DVD/Blu-Ray Features:
New digital transfer, supervised and approved by director Lee Chang-dong and cinematographer Cho Yong-kyu (with DTS-HD Master Audio on the Blu-ray edition)
New interview with Lee
On the Set of "Secret Sunshine," a video piece featuring interviews with actors Jeon Do-yeon and Song Kang-ho, as well as behind-the-scenes footage
U.S. theatrical trailer
New and improved English subtitle translation
PLUS: A booklet featuring an essay by film critic Dennis Lim
19 of 19 people found the following review helpful
HASH(0x9801ee64) out of 5 stars lies, lies, lies Dec 24 2007
By Anthony Adler - Published on
This is truly extraordinary and wonderful film, profound and profoundly depressing, and a perfect antidote to the delusions and falsehood of Hollywood. It exemplifies what makes contemporary Korean cinema so compelling: a willingness to explore human suffering without the promise of redemption --- political, spiritual, or aesthetic. The last shot of the film says it all. And the lead actresses performance was amazing: she seemed so fully consumed by her role that she became a new person as her character changed.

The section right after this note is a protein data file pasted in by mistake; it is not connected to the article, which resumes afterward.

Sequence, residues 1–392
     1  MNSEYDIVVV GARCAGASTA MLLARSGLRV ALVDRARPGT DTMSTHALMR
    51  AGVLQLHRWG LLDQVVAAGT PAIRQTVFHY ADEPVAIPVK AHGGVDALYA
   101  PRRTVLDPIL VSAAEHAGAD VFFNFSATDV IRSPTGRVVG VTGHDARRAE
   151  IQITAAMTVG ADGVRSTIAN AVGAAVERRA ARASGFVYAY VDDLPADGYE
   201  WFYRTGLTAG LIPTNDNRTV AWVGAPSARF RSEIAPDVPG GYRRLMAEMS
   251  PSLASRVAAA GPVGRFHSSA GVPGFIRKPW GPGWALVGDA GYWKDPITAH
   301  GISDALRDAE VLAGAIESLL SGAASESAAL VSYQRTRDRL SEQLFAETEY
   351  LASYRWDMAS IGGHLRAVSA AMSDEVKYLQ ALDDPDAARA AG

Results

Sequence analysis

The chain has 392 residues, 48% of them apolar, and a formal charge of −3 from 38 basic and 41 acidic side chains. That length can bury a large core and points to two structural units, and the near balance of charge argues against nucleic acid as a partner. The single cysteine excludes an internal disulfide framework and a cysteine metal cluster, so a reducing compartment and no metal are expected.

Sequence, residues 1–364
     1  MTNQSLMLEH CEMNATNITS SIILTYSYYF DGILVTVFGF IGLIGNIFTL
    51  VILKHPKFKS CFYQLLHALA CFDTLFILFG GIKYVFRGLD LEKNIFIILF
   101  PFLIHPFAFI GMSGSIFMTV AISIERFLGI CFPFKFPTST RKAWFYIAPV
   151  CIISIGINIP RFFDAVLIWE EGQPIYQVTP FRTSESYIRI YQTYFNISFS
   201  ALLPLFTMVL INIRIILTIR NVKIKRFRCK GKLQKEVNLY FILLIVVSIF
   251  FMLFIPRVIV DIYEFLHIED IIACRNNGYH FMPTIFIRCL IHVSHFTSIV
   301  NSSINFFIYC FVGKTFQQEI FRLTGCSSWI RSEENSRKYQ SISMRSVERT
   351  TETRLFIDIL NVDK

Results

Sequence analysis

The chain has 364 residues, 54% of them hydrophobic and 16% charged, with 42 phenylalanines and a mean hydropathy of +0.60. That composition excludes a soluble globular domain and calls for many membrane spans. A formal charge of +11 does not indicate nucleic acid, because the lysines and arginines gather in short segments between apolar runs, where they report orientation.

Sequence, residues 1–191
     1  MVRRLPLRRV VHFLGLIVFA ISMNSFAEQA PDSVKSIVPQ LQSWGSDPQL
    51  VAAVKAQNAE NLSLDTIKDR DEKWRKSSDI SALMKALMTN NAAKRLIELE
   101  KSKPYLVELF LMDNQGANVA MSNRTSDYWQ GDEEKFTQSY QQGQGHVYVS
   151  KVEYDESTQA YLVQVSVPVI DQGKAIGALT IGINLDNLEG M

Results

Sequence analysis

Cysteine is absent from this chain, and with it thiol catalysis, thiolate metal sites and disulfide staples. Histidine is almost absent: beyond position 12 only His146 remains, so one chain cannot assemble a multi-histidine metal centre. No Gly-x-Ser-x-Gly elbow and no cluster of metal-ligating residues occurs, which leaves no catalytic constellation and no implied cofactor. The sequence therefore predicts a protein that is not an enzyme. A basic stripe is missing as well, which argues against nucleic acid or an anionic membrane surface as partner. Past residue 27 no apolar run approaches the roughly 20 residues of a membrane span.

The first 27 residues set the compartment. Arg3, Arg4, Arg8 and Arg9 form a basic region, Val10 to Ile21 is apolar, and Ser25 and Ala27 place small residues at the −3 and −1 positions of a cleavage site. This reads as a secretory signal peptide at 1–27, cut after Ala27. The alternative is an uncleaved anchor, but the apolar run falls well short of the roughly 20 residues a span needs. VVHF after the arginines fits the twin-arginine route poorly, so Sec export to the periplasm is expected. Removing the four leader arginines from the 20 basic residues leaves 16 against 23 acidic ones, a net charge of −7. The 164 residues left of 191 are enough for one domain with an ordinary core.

7 of 7 people found the following review helpful
HASH(0x97e95b7c) out of 5 stars Simply fantastic Jan. 2 2008
By Jason Van Cleave - Published on
I recently saw this movie while working in Jinju, S.Korea, about 30 minutes from where this takes place. This movie is an accurate portrait of life in a mid-sized Korean city. It is ambiguous in the best sense of the word: critical of religion while not condemning. A portrait of exactly how one copes with the most horrible tragedy. The lead actress won a Cannes award for her performance and she deserves it. She is in turns funny, sad and pious, all shown in a perfectly measured, never exaggerated performance. This movie is unique and recommended without the slightest reservation.